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November 27, 2023

WWE-UFC Merger Challenged In Lawsuit Alleging “Sham Sales Process” for Megadeal

Investors claim that WWE board members favored a merger with Endeavor's UFC to allow Vince McMahon to stay on as executive chairman of TKO Group.

Vince McMahon’s corporate coup that paved a path for him to force his way back onto the WWE board and merge the sports entertainment powerhouse with Endeavor’s UFC is back in the spotlight, with a lawsuit arguing that he ignored more lucrative offers at the expense of investors.

A suit, unsealed in the Delaware Court of Chancery on Nov. 22, alleges that McMahon pushed a “quick sale” of WWE to Endeavor chief Ari Emanuel, his “close friend and longtime ally” who proposed a sweetheart deal that allowed the wrestling mogul to stay on as executive chairman of TKO Group and avoid scrutiny in connection with sexual misconduct allegations that could’ve ousted him from the company. According to the complaint filed by investors, WWE board members “conjured up a sham sales process” designed to favor Endeavor and “exclude other bidders seeking to axe” McMahon, disregarding at least two all cash offers with betters terms.

The complaint extensively details McMahon’s turbulent tenure as head of WWE, culminating in September with the formation of TKO Group through a $21 billion merger between UFC and WWE. He had returned to the company in January after having stepped down as chief executive amid a sexual misconduct investigation into $17.4 million in hush money payments to four different women formerly employed by the company. McMahon, as WWE’s controlling stockholder, removed and replaced three then-serving board members with himself and former executives George Barrios and Michelle Wilson.

“If McMahon was found to have breached his duty of loyalty, WWE stockholders could have sought his removal as a director,” states the suit. “Such scrutiny appears to have prompted McMahon to seek a ‘quick’ sale of the Company that also allowed him to continue running WWE.”

WWE announced on the same day as McMahon’s return in January a review of strategic options. In a statement, he said that he wanted to lead any talks about a possible sale or rights negotiations himself. Investors claim that he immediately turned to Emanuel, his former agent whom he “knew would allow him to remain at the helm” of the merged entity. They say that both the process and price point were unfair, alleging there were betters deals on the table.

According to the complaint, this included undisclosed companies submitting cash offers at $95-$100 and $90-$97.50 per share. But because they contemplated cashing out WWE stockholders and barred McMahon from rolling over his shares, which would’ve signaled his “complete ouster” from the wrestling world, the board “never bothered to make” counterproposals, the suit states.

Instead, WWE exclusively negotiated with Endeavor, proposing an all-stock deal that was contingent upon McMahon serving as executive chairman of the combined company, the complaint says. Endeavor ultimately agreed, with it owning 51 percent of the post-deal firm and former WWE stockholders owning the remaining 49 percent. Investors allege that merger was consummated at $95.66 per share, which fell below two competing, all-cash offers. (Those WWE suitors were redacted in the complaint. But the companies were described as “major institutions with significant access to capital” that had “compelling reasons to close an acquisition of WWE.” One of them likely had “significant runway to increase its offer due to the outsized synergies it could generate in a combination with” the company, the suit says.)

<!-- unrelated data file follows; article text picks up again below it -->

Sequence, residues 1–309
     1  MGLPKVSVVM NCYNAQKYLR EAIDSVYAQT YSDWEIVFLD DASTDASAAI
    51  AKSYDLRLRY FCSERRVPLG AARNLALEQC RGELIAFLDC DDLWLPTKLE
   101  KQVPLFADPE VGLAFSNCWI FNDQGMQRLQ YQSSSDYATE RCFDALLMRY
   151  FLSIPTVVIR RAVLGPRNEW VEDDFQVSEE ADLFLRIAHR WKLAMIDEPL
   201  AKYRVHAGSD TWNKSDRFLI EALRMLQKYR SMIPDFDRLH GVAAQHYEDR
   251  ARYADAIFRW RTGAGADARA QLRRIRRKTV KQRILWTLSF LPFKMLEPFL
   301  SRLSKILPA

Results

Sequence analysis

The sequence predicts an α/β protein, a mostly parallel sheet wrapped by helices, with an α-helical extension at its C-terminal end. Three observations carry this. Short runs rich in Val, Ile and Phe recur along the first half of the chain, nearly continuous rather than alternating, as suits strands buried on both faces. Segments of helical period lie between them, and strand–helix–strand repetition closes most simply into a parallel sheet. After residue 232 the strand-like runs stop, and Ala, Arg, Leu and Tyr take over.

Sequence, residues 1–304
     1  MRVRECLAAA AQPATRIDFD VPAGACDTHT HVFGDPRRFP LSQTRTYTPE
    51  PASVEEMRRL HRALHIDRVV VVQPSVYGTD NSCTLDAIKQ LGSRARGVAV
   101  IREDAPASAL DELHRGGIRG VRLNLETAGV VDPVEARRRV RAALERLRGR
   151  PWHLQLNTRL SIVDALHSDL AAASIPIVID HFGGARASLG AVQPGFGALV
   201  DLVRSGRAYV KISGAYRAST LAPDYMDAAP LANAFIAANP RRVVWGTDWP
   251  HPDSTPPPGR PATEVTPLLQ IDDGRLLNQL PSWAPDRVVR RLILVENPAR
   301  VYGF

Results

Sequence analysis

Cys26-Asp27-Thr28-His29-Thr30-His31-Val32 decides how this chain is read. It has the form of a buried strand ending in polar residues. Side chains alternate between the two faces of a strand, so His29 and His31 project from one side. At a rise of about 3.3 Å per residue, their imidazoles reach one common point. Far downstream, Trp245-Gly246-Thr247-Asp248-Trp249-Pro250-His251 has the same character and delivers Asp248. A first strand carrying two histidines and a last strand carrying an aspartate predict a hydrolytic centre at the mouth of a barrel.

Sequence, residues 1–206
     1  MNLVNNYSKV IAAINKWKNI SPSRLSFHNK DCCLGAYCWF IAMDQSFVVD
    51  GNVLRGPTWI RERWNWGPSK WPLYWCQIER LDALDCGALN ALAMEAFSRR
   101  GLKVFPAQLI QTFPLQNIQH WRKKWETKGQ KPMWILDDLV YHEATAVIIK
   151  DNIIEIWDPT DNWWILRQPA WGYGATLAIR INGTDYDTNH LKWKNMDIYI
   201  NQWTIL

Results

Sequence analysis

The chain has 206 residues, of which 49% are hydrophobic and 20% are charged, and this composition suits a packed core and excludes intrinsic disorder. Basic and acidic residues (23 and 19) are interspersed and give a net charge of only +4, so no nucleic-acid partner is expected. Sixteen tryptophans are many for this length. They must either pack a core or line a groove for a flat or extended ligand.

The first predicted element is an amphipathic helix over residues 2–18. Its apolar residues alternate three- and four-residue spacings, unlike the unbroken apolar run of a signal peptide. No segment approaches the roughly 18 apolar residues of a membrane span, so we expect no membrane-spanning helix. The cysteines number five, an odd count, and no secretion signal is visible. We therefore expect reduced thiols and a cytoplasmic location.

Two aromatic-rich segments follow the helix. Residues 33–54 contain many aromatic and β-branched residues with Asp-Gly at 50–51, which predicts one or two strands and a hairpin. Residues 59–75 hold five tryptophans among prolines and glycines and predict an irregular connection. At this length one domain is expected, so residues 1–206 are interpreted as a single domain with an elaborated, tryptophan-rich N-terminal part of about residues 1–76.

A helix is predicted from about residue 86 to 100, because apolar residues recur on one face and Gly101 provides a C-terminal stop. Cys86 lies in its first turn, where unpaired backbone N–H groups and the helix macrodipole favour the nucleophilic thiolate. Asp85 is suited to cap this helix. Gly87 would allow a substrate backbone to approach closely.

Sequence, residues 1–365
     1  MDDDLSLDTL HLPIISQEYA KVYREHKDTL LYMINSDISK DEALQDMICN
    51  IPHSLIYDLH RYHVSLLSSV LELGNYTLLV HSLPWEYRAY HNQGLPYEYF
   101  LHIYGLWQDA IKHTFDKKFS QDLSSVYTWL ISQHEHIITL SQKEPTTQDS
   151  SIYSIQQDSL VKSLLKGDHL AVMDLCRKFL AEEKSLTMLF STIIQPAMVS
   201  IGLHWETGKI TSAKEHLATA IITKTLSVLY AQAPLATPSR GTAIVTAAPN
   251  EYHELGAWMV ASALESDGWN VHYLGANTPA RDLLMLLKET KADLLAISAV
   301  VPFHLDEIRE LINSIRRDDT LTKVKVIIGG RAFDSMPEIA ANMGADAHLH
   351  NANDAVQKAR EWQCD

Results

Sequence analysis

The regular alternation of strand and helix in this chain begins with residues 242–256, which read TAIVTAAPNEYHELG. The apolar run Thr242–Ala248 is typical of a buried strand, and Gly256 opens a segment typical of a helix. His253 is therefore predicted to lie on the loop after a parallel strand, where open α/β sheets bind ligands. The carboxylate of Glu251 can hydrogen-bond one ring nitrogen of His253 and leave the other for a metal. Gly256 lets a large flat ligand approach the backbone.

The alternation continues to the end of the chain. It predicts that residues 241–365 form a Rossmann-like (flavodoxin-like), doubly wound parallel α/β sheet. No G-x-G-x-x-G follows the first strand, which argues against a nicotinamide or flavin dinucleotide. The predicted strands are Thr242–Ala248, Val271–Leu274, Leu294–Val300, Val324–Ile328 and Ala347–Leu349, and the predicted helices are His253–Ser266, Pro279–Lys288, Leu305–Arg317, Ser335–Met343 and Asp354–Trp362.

“Not only did he secure a future for himself at post-merger WWE, McMahon also stuffed his pockets and those of his loyalists before agreeing to a deal,” states the complaint, which points to he and former chief executive Nick Kahn securing so-called golden parachutes, along with Khan, McMahon’s son-in-law and WWE chief content officer Paul Levesque (known professionally as “Triple-H”) and WWE president Frank A. Riddick getting a combined $25 million in cash bonuses.

The suit argues that the $21 billion price tag undervalues WWE. It’s “far below the offers” the board could’ve obtained from multiple other bidders had it “made any effort to negotiate in good faith,” investors claim.

According to the complaint, McMahon and his allies on the board “timed negotiations” to favor a deal with Endeavor, including by providing early due diligence and backchanneling information to the company so that it was able to make an early offer. During this process, WWE only secured a budget for UFC’s current fiscal year rather than insisting on a full set of multi year projections, as is customary, despite agreeing to merger consideration that depended on valuing UFC accurately, the suit says. By rushing to secure a merger with Endeavor without conducting adequate due diligence, investors argue the board got an unfavorable deal in agreeing to a 51-49 split.

The complaint, filed by an Ohio pension fund, names McMahon, Khan, Levesque, Barrios and Wilson, among others. It contains various claims for breach of contract and seeks to represent all stockholders who cashed out their shares in the merger.

WWE didn’t respond to a request for comment.

source: Hollywood Reporter


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